Inspired by Orientalism and Impressionism, painter Lené Ehlers works in a myriad mediums, from painted murals, ceramics and floral installations, to paper, canvas and antique furniture.
‘Playfulness is a significant theme in my work. In studio I am constantly in a state of exploration, creating layers of richness and abundance and celebrating beauty. The starting point for most of my projects is wanting to create something for myself or my studio – so all of my work has a very personal touch. I currently have two spaces: a showroom and a studio. I like my work space to be white with loads of natural light, filled with all kinds of embroidered textiles, detailed suzanis and rugs, vintage treasures and antique frames, scattered around – and there’s always a foraged element present.
At the moment this element comes in the form of long fennel branches that make the whole studio smell like liquorice.’ Recently Lené collaborated with Kraak on their new venue, Kruijd. Works included handpainted tablecloths with detailed patterns and motifs, as well as custom-made plates and vases too. @leneehlers
ABOVE Lené Ehlers at work in her studio space, busy on her next series of illustrations. BELOW Small independent publisher Dream Press creates limited edition, Riso printed zines, books and art prints.
Owner Candice Ježek explains: ‘Our passions lie in all things to do with books and self-publishing – a big part of this is connecting with like-minded individuals – getting to collaborate and building a bookie community. Book design, publishing, Risograph printing, bookbinding and production management – ‘Community’ Dream Press we offer it all in house! We’re always pushing the norm of what a book can be. Books and zines make our eyes twinkle (total cheese, but it’s true!). Bookbinding is my first love, all the rest followed out of necessity to be in control of each step to get the best product out. I am still amazed and grateful that I get to do what I love everyday! Our studio is chaotic order, where old processes meet new, where colour and materials are our crack!’ @dream_press_sa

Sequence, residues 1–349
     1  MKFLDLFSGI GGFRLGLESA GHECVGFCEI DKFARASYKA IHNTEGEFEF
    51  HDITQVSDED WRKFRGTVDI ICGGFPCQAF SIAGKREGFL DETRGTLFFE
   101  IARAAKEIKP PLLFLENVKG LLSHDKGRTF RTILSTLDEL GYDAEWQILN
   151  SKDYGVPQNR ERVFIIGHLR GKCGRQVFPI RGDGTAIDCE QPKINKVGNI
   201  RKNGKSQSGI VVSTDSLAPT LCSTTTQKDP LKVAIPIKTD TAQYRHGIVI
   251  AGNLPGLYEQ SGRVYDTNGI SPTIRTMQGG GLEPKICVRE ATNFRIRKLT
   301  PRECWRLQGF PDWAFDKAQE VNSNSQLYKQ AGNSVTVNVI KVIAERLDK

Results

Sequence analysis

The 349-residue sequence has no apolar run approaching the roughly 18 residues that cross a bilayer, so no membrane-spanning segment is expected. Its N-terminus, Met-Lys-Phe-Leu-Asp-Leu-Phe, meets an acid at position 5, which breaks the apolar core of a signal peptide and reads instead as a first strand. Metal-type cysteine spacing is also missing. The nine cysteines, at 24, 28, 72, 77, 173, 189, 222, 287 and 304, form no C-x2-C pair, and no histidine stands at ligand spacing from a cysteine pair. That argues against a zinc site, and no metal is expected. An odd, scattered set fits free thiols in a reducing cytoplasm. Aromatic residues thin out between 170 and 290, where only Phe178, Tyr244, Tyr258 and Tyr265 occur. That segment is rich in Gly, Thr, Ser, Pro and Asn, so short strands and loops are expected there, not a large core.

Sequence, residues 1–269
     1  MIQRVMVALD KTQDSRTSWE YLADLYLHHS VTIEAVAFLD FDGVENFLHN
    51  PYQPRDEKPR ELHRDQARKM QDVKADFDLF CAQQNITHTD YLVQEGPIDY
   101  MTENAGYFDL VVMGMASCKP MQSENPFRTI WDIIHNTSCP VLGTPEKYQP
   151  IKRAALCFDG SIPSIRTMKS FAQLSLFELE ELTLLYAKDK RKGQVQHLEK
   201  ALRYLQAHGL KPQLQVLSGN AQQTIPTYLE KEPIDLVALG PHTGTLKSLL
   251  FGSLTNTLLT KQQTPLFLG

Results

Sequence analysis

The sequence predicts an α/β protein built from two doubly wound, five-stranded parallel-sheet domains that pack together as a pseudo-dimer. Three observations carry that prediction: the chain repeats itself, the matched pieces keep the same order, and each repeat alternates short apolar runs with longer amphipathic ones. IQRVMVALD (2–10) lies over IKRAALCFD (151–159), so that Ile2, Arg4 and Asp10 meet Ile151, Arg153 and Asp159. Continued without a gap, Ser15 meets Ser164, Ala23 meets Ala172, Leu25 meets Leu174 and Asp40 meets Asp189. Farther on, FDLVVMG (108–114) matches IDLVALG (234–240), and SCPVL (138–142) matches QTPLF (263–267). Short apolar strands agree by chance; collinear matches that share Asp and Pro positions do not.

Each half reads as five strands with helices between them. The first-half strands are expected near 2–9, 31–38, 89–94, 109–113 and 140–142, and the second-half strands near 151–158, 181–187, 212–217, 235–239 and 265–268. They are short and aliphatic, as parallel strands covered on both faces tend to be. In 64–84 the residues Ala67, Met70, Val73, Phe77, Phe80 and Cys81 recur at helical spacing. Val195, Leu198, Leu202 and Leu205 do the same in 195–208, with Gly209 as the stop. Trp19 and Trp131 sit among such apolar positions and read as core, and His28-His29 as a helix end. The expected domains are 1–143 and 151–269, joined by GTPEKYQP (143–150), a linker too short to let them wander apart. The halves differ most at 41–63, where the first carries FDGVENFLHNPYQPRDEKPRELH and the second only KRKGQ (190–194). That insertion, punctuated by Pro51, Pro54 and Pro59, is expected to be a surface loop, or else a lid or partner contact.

BELOW Photographed in his studio by Kent Andreasen, Samurai Farai wears local clothing brand Broke Wear. Aside from private art commisions, Farai Engelbrecht – known by the pseudonym Samurai Farai – recently collaborated with Mercedes-Benz, launched a collection of T-shirts as well as developed woven textiles using his original artworks.
Farai Engelbrecht, known by the pseudonym Samurai Farai, is a conceptual artist and independent creative. ‘I’m supposed to be able to discuss things like my mental health and mental health in the community and try to raise awareness about it. I chose art because it was the simplest tool I found to communicate how I was feeling, and it was the first tool I learned to use to express myself. It delves deeply into my childhood experiences of happiness and trauma, but it can now inspire the youth and show that a young black person can be an independent creative. It highlights important conversations of mental health and making us aware of the code-switching we use to move through life.’
‘I use a very diverse array of mediums, from spray paint, acrylic paint, oil, charcoal, pastel and crayon. I also use found objects and am even delving into decor and lifestyle items such as furniture, linen and carpets. I believe firmly in using my art to penetrate every part of people’s lives to dissolve the socio-economic status that art still encapsulates. I hate the fact that to some art is intimidating and feels like it belongs to an elite status of people in this world. I make art that is for everybody, from high art that may exist in museums, to murals that exist in busy city centres for everybody to see.’ @samurai_farai